Organic Uses Less Energy, Searches for Even Lower Carbon Farming


Image credit: Suzette Pauwels, used under Creative Commons license.
80% of UK farmers may want to go solar, but the fact is that farming is still an incredibly carbon-intensive business. That's why two pieces of news from organic charity The Soil Association caught my eye this week—one, that organic systems use as much as 50% less energy than conventional farms—and two, that the organic movement is launching a major push for even lower carbon farming. This is what sustainable farming should really be about. The UK-based Soil Association has always been a purveyor of big picture thinking. Exploring ideas like One Planet Agriculture, and farming after peak oil, these pioneers of the organic movement are masters at looking beyond soil management techniques, or alternatives to pesticides, at the original intent behind organic agriculture—namely the protection of our food systems and the world we all rely on for survival.

Last week they sent out a press release drawing attention to the fact that diversified organic farms use less energy than conventional farms, both on an absolute basis, and in terms of energy expended per yield too. And yesterday they followed up with an announcement that they are launching a low carbon farming initiative aimed at providing benchmarking processes, user-friendly carbon footprinting tools, and a collaborative learning process for sharing the successes and failures on the path to low carbon farming:

"There is a growing urgency for farms to reduce their carbon footprint. This kind of work is essential if we are going to reach government targets of reducing green house gas emissions 80 per cent by 2050. Farming has a vital role to play when it comes to our impact on climate and is responsible for 30 per cent of UK greenhouse gas emissions. We hope to encourage adoption of best practice by enabling farmers to learn from each other, make assessments of their current activities and identify areas where improvements could be made. I look forward to hearing from farmers keen to get involved in the initial carbon foot printing exercise."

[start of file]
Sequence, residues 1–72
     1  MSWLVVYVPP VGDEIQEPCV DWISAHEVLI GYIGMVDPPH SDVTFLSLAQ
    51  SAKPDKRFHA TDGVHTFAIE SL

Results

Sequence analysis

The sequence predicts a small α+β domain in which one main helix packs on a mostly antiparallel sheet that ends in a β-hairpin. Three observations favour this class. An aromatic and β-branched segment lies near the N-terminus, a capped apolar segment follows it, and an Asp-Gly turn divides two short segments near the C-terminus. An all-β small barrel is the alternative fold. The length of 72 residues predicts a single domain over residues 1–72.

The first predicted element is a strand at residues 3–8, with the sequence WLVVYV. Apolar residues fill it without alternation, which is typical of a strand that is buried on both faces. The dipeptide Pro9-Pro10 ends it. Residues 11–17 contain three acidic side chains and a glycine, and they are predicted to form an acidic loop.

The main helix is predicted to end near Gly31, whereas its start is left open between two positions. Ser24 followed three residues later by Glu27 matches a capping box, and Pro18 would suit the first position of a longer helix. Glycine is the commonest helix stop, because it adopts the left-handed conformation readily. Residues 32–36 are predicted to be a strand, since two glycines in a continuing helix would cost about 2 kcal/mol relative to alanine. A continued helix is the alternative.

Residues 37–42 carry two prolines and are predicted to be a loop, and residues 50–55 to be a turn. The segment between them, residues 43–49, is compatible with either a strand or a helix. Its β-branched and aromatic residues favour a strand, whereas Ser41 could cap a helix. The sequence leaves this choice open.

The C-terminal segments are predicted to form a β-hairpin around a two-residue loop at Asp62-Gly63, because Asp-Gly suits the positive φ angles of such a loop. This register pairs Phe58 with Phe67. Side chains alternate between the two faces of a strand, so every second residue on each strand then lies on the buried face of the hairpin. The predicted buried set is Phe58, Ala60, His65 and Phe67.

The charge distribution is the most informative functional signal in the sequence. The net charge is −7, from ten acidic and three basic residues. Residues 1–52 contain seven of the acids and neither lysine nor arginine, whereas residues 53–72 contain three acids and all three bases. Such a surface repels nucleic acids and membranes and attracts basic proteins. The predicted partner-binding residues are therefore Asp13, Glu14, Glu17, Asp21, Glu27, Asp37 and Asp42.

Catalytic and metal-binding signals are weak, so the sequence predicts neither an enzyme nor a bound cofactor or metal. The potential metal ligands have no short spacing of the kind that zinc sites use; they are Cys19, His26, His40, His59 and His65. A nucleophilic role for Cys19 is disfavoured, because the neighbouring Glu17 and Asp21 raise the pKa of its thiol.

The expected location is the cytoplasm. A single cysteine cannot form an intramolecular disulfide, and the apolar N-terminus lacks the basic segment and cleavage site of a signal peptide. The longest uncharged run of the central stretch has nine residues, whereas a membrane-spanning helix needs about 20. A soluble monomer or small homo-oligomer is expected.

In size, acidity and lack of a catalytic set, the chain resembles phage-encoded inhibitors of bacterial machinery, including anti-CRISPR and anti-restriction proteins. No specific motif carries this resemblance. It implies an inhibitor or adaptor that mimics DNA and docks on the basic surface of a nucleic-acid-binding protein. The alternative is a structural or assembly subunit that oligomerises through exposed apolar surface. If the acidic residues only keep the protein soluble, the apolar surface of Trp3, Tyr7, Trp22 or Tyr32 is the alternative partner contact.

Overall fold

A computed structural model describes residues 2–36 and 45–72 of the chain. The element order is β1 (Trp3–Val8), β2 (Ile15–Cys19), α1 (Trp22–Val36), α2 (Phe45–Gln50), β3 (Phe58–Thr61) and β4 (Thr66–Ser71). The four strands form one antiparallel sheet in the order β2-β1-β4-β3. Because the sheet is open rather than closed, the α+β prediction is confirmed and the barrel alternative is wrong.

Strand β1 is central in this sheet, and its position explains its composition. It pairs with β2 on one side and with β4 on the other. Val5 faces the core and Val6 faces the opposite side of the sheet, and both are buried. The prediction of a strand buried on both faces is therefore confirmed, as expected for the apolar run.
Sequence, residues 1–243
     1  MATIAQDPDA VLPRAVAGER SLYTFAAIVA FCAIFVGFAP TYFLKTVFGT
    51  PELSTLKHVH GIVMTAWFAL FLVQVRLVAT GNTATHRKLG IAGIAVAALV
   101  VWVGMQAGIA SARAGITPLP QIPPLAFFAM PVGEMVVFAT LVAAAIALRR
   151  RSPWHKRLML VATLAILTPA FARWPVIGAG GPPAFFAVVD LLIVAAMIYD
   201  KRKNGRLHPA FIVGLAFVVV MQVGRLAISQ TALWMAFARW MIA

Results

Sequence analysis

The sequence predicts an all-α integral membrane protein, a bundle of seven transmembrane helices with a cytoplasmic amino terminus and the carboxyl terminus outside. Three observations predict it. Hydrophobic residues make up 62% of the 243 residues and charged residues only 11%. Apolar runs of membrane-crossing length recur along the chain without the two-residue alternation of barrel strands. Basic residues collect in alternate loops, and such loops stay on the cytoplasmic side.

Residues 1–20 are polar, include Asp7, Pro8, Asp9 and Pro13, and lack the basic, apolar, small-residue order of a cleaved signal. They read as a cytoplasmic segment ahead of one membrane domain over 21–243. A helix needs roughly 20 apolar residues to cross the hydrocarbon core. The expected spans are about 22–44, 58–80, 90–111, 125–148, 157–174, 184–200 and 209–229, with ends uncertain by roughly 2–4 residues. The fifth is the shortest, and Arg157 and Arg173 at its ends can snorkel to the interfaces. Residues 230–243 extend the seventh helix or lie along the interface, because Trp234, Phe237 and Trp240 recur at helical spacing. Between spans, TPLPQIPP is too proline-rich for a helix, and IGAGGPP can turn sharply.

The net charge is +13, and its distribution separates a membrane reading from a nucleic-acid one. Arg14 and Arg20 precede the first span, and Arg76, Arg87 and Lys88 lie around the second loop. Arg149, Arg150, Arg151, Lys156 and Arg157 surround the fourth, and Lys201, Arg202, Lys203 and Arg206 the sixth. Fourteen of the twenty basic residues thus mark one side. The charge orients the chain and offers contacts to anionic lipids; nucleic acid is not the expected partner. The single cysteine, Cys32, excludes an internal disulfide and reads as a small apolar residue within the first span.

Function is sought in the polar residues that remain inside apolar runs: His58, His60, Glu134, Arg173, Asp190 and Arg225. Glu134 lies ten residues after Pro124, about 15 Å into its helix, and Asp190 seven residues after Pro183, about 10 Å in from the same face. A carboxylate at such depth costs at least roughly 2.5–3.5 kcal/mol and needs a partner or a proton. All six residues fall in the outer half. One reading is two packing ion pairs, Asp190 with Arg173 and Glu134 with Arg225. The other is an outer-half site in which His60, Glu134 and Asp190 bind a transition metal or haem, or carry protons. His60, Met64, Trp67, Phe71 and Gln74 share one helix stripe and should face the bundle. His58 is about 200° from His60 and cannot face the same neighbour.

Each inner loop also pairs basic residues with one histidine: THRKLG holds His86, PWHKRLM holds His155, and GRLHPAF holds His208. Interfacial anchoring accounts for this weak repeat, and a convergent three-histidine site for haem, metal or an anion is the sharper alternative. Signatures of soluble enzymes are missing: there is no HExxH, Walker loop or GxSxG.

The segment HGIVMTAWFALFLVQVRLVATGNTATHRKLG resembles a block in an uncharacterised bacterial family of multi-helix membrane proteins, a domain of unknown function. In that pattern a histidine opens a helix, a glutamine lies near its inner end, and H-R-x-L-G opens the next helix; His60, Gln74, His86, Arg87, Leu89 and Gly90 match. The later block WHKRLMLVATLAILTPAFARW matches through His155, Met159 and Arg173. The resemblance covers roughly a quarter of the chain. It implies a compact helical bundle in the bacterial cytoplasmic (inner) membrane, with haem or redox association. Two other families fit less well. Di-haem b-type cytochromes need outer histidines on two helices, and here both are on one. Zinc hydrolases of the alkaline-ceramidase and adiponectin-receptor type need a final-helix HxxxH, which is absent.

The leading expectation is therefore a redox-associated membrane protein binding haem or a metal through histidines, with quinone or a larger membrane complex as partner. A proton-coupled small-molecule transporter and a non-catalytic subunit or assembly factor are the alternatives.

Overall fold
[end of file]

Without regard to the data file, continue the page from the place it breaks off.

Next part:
It's not clear from the release whether this will be an organic-only exercise, or whether all farms are welcome to participate. Either way it is a timely and important step in the quest for truly sustainable agriculture. No word on whether tofu, electric tractors and tree farms will feature heavily in these efforts or not, but we have little time to waste if we want to keep a stable, farmer-friendly climate.

More on Low Carbon and Post-Oil Farming
How Will We Eat When Peak Oil Hits?
The Soil Association Explores One Planet Agriculture
Food and Farming after Peak Oil

Tags: Agriculture | Carbon Footprint | Farming | Global Climate Change | United Kingdom

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